RompHim launched its product on Instagram and promoted it at events like Coachella and the Kentucky Derby. Days after its launch, the brand went live on Kickstarter with a crowd funding campaign where it beat the initial goal of raising $10,000 in mere 4 hours! By Saturday morning it had raised more than $332,000, thanks to more than 2800 backers (the numbers continues to climb, by the minute)! Despite its popularity on Kickstarter, the brand is attracting mixed reactions on the internet – twitter for one is a RompHim meme paradise. However, in spite of receiving mixed feedback and initial negative media, today RompHim is taking the internet by storm!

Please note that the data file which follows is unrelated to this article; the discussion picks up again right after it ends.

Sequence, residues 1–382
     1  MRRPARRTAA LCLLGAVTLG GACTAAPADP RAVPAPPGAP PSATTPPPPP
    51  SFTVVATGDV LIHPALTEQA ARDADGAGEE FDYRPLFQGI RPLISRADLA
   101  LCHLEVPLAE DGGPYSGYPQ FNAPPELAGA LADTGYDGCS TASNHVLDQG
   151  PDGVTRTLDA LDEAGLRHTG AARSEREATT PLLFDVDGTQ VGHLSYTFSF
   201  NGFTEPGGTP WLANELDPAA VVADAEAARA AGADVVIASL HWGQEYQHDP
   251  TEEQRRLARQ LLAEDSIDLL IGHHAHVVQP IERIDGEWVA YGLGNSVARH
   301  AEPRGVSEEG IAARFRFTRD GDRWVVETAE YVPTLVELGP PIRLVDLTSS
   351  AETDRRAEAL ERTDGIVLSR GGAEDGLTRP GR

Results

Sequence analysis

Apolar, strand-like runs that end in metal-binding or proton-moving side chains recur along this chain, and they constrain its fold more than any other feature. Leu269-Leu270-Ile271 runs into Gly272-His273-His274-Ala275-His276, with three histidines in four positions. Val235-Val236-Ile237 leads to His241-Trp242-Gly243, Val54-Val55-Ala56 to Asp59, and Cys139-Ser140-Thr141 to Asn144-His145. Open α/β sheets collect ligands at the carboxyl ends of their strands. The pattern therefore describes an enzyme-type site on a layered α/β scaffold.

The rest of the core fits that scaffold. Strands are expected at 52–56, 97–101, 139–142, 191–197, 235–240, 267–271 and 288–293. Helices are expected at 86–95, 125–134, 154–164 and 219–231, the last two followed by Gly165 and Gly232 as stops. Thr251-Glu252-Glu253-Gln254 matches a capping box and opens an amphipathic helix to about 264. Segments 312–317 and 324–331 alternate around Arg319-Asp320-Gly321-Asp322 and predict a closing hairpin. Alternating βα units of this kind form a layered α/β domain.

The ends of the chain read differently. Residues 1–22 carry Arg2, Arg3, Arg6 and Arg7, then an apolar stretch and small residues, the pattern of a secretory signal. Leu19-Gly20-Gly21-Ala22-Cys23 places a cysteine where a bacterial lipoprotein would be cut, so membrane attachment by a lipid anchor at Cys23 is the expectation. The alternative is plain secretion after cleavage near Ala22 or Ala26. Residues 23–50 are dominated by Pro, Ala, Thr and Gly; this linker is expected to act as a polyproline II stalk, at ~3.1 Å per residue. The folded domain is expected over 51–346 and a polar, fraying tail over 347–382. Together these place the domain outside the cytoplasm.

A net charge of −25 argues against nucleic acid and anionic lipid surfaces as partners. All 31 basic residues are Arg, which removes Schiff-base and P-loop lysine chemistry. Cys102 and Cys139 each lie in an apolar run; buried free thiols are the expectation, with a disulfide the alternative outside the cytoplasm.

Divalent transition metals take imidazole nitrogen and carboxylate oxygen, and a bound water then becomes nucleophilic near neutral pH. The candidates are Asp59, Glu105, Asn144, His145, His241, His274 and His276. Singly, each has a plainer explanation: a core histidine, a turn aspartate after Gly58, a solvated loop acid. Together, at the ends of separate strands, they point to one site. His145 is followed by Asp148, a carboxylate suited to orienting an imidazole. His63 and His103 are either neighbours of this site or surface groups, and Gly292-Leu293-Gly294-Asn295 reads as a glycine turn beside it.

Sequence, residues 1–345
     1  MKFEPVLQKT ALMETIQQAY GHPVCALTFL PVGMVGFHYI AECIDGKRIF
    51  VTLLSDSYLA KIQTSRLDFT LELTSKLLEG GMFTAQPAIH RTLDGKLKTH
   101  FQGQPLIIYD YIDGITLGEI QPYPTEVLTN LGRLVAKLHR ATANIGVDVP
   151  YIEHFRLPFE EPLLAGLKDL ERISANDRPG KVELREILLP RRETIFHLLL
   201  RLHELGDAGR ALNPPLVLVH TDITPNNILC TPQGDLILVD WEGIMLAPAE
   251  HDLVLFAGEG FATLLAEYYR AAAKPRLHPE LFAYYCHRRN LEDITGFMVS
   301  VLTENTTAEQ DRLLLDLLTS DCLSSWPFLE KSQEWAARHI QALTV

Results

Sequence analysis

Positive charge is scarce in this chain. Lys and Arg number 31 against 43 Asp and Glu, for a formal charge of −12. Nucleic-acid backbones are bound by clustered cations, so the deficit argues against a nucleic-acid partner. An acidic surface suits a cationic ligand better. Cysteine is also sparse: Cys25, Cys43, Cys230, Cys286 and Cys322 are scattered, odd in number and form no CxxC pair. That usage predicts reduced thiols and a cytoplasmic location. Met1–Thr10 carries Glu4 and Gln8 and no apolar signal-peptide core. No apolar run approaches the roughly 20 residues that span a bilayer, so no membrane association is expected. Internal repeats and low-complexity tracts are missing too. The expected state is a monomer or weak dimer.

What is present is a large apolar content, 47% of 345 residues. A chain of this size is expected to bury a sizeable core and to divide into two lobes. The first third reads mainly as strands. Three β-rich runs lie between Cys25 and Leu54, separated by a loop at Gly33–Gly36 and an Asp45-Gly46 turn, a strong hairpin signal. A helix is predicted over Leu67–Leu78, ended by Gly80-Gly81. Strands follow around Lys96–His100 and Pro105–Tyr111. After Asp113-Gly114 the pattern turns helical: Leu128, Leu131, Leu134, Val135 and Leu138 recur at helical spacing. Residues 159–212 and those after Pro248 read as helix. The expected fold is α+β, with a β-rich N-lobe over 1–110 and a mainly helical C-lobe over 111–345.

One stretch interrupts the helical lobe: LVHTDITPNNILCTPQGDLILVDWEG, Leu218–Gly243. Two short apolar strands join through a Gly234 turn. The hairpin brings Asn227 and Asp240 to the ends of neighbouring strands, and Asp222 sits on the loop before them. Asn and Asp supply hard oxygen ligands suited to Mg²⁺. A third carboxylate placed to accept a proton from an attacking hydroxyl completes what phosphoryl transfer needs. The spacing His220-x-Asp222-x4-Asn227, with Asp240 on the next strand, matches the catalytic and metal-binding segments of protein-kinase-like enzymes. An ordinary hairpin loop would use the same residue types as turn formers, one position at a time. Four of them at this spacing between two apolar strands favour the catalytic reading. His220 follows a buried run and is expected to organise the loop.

The idea of RompHim helped me put our learnings from the introductory class in perspective. It shows how digital is continuously changing the way we market our product - RompHim was ideated by four MBA students (yes, you read that right!) over drinks. However, they believed in their idea and were smart enough to use digital to test their product and raise funds. It is interesting to see that RompHim’s success is completely attributed to online marketing. Additionally, it shows how brands can leverage digital to identify their niche target audience and build campaigns to influence them. RompHim faced backlash on the internet in the initial few days of its campaign launch. However, the brand proactively monitored online sentiment to address concerns and eventually survived its harsh critiques by engaging with them online. Their first signature style of RompHim is already sold out on their website, reflecting the audience's interest in the product.